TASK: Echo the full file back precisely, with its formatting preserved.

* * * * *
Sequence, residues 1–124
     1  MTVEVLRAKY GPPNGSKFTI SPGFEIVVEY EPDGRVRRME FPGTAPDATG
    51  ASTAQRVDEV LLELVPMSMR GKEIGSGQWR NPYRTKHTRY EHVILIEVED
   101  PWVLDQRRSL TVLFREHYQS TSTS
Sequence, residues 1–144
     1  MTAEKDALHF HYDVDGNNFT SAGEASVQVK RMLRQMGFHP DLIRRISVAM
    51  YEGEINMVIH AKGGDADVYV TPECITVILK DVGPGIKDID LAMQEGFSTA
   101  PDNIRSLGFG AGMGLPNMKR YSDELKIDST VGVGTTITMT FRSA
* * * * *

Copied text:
Sequence, residues 1–124
     1  MTVEVLRAKY GPPNGSKFTI SPGFEIVVEY EPDGRVRRME FPGTAPDATG
    51  ASTAQRVDEV LLELVPMSMR GKEIGSGQWR NPYRTKHTRY EHVILIEVED
   101  PWVLDQRRSL TVLFREHYQS TSTS
Sequence, residues 1–144
     1  MTAEKDALHF HYDVDGNNFT SAGEASVQVK RMLRQMGFHP DLIRRISVAM
    51  YEGEINMVIH AKGGDADVYV TPECITVILK DVGPGIKDID LAMQEGFSTA
   101  PDNIRSLGFG AGMGLPNMKR YSDELKIDST VGVGTTITMT FRSA